Pretty much anyone could say this and there's never any evidence for it -- so the government would have trouble disproving it, even if anyone was trying to disprove it.Note how the Washington Post won't even tell you what the change is before making it clear they disapprove: Immigration lawyers say Justice Dept. ruling could undercut thousands of asylum cases
This is simply not "political persecution," even if genuine.
Attorney General William Barr ruled Monday that being a member of a family harassed by gangs is not enough to qualify for asylum.
In a ruling that will likely block a large number of immigrants from lodging successful asylum claims moving forward, Barr overturned a previous decision made by Board of Immigration Appeals, which found that being a member of family targeted by gangs or other criminal organizations could qualify them as a “particular social group” worthy of U.S. asylum.
A ruling from the U.S. attorney general could upend the asylum claims of thousands of Central Americans and other asylum seekers who say they deserve protection in the United States because they belong to families that are victims of drug cartels or other criminals in their homelands.If fear of drug and gang violence were a legitimate reason for asylum, much of the population of Baltimore, as well as most other major US population centers would be justified in seeking refuge in Canada, not that Canada doesn't have it's own gang violence problems.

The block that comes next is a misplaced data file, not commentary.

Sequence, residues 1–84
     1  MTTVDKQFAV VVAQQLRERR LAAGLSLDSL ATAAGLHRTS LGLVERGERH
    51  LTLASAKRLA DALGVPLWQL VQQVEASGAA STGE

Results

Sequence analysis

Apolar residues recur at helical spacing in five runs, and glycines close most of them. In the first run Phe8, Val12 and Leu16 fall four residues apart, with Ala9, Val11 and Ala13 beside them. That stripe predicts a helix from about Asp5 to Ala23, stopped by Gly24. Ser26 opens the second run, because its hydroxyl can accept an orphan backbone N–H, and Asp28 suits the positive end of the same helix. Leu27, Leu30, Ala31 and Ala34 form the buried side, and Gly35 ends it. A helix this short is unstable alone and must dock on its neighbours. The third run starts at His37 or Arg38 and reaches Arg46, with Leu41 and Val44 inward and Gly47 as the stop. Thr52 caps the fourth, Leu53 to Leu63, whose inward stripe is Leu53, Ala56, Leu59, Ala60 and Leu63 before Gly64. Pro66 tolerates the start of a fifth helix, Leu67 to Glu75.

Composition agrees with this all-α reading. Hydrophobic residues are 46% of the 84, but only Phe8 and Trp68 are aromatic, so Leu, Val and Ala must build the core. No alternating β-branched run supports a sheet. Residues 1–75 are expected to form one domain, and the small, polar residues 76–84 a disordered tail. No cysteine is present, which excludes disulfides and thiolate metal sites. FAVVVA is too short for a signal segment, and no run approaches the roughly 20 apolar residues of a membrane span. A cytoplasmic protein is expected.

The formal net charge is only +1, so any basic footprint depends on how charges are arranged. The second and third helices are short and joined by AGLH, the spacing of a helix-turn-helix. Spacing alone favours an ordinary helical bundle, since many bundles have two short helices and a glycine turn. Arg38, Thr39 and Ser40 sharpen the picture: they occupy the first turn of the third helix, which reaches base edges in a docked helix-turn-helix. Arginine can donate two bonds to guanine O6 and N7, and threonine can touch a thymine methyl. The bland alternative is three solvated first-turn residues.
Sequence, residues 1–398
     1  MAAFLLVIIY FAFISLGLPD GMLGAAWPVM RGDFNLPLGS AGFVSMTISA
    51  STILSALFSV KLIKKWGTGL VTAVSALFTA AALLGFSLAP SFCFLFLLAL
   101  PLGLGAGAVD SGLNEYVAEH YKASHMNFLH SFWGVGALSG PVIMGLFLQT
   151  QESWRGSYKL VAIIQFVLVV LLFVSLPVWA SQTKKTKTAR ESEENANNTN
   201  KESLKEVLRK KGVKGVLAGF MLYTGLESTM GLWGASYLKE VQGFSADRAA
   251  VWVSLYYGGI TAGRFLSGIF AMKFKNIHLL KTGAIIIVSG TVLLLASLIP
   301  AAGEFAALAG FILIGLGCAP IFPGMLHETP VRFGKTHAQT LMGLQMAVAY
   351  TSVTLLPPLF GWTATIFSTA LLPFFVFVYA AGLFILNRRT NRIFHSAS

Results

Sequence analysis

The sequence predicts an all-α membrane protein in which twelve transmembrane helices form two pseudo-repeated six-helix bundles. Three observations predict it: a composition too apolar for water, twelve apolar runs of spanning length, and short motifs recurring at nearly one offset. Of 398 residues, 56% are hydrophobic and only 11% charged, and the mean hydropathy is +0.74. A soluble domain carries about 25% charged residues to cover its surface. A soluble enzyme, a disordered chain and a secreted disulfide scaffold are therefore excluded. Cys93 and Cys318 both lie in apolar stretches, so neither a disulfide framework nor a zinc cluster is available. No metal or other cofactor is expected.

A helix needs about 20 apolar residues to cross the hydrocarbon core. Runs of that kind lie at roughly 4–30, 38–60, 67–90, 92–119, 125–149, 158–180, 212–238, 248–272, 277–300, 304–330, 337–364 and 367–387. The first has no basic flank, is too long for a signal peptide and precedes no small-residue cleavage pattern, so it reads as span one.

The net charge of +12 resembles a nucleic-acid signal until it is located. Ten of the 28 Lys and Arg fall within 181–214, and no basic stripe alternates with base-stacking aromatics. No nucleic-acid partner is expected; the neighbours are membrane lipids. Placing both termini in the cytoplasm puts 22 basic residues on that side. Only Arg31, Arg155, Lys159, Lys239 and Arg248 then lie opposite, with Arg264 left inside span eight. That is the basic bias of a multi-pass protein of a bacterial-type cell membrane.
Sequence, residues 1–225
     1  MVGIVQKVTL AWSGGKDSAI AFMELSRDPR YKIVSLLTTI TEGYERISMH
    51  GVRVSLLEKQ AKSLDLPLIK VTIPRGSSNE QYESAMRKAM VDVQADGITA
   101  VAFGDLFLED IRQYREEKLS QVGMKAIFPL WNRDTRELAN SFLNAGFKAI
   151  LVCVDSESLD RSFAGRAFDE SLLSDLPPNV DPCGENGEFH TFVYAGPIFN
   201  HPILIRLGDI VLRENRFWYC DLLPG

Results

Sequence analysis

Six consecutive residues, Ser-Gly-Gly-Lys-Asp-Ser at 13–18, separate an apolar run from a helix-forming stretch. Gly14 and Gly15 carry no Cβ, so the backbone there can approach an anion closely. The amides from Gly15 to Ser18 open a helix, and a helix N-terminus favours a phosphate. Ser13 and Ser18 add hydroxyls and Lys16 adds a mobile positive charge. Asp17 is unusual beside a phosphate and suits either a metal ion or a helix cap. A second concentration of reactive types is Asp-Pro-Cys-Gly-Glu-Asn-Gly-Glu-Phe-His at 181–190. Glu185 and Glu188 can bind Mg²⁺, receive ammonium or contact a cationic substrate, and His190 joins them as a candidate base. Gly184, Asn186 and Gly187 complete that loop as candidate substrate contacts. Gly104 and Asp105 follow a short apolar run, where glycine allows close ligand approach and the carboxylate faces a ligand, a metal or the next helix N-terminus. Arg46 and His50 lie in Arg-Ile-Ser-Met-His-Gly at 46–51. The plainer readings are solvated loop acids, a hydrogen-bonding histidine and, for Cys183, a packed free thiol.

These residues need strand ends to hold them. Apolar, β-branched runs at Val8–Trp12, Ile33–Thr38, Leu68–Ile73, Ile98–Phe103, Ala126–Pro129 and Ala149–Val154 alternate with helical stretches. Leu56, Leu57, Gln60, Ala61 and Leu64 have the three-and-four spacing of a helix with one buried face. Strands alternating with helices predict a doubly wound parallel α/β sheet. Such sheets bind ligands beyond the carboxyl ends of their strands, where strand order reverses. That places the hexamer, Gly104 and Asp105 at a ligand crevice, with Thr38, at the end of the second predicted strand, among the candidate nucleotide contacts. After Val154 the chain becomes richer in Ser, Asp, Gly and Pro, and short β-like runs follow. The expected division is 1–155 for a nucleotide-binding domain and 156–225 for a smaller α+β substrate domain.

The nation’s top prosecutor, Attorney General William P. Barr, issued the ruling Monday, partially reversing a 2017 Board of Immigration Appeals decision in the asylum case of a Mexican national who said a drug cartel targeted him and his family. Barr said that just because members of ordinary families fall victim to “private criminal activity” does not mean they can claim asylum protections in the United States on that basis.
Federal law allows immigrants to claim asylum based on a fear of persecution in their homelands because of their race, religion, nationality, political opinions or membership in a “particular social group,” which for years has included families targeted by gangs, drug cartels or others.